- Haggstrum College
- Hannah Duston Orphanage
- Merrimack Street
- Saint Michael's Church and School
- Peter's Sweet Shop
- Round Pond
- Spy Pond
Just as New Zebedee was based on Marshall and surrounding central Michigan, Bellairs used his adoptive hometown of Haverhill as his model for Duston Heights, a small, prosperous, mill town nestled along the Merrimack River:
...one of the widest and longest rivers in New England, flowed through the middle of Duston Heights. Along its bank stood abandoned factories, long red brick buildings with tall brick smokestacks rising above them. Many years ago these factories had made cloth, but now they were closed, and their narrow windows broken. Johnny liked the old factories. They were almost like haunted houses (The Curse of the Blue Figurine, 100).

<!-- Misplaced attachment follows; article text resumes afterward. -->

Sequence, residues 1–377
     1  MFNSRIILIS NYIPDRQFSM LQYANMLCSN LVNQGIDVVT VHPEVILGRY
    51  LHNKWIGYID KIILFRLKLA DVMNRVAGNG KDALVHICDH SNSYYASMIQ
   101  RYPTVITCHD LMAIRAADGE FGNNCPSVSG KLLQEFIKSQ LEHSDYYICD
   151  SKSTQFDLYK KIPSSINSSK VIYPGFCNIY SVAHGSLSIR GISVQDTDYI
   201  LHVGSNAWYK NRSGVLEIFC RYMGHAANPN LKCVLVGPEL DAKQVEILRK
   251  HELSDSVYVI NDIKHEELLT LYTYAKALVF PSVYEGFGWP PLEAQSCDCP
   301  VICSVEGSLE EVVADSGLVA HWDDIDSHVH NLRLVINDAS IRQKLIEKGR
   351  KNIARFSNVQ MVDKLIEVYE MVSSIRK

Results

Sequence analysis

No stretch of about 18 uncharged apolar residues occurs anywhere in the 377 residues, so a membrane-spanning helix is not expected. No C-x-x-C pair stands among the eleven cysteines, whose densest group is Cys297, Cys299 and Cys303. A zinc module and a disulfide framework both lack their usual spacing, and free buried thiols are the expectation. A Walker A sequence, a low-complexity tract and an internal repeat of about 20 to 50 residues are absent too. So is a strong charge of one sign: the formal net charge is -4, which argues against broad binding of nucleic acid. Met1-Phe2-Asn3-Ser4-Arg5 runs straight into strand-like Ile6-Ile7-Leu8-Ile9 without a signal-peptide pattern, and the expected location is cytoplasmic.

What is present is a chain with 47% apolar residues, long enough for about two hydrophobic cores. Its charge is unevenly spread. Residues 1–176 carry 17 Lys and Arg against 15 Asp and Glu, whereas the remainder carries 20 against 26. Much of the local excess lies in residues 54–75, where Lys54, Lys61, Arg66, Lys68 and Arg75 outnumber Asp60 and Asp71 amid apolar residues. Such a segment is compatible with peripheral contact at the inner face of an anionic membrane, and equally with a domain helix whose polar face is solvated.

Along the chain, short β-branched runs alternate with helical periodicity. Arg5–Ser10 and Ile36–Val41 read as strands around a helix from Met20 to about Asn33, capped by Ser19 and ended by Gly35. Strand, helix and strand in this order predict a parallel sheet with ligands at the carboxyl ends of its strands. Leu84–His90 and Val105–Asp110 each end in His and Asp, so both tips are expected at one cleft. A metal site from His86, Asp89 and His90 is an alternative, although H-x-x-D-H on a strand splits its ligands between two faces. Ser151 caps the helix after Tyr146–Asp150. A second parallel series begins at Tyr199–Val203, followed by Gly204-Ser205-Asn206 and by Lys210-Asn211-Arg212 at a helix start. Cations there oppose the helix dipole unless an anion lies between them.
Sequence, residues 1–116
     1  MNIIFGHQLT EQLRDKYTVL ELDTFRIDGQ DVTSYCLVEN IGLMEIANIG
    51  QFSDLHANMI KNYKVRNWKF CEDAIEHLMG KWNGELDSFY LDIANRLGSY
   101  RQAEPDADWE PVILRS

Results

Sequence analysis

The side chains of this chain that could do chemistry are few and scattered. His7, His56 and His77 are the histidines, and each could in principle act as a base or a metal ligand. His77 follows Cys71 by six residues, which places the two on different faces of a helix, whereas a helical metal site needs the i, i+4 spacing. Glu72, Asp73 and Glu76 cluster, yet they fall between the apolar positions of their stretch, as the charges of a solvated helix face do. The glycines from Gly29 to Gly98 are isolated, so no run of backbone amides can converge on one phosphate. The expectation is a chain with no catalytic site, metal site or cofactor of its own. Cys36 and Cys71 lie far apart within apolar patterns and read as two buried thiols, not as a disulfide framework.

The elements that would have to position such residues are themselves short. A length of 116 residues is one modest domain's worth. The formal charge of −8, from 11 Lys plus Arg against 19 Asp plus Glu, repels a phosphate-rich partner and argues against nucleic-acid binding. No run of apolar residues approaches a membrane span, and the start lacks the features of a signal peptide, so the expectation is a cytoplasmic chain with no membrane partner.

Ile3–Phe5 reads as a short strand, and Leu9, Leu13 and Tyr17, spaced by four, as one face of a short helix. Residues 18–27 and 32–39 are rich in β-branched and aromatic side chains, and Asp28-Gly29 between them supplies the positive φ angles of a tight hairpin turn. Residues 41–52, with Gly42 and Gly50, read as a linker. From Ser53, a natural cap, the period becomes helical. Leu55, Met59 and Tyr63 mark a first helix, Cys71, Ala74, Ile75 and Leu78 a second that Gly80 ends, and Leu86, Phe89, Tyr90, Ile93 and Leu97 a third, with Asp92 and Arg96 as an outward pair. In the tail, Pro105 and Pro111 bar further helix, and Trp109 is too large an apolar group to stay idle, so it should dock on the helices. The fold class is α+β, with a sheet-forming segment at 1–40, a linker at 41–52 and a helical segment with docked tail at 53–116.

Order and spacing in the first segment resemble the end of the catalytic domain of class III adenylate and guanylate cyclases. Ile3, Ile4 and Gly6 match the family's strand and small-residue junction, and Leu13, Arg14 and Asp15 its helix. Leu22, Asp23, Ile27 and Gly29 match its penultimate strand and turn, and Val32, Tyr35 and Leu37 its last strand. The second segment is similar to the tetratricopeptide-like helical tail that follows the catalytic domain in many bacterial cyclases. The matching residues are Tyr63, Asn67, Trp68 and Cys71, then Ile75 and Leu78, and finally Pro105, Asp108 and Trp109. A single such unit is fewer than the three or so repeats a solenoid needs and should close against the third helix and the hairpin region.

Bellairs didn’t look far for the name of his fictional community: the bronze statue installed in Haverhill’s Grand Army of the Republic park of Hannah Emerson Duston (1657-1736). Duston was a colonial New England woman living with her family in Haverhill when, in 1697, the town was attacked by Abenaki Indians and she, her six-day-old baby Martha, and nurse Mary Neff were captured and forced to march into the wilderness. The Indians took the baby from Hannah and killed her by smashing her against a tree. Days later, near present-day Penacook, New Hampshire, Hannah led a revolt with other captives and used the Indians' tomahawks to kill ten of the twelve Indians. Haverhill’s statue – of Duston brandishing a tomahawk – has been on display since 1879.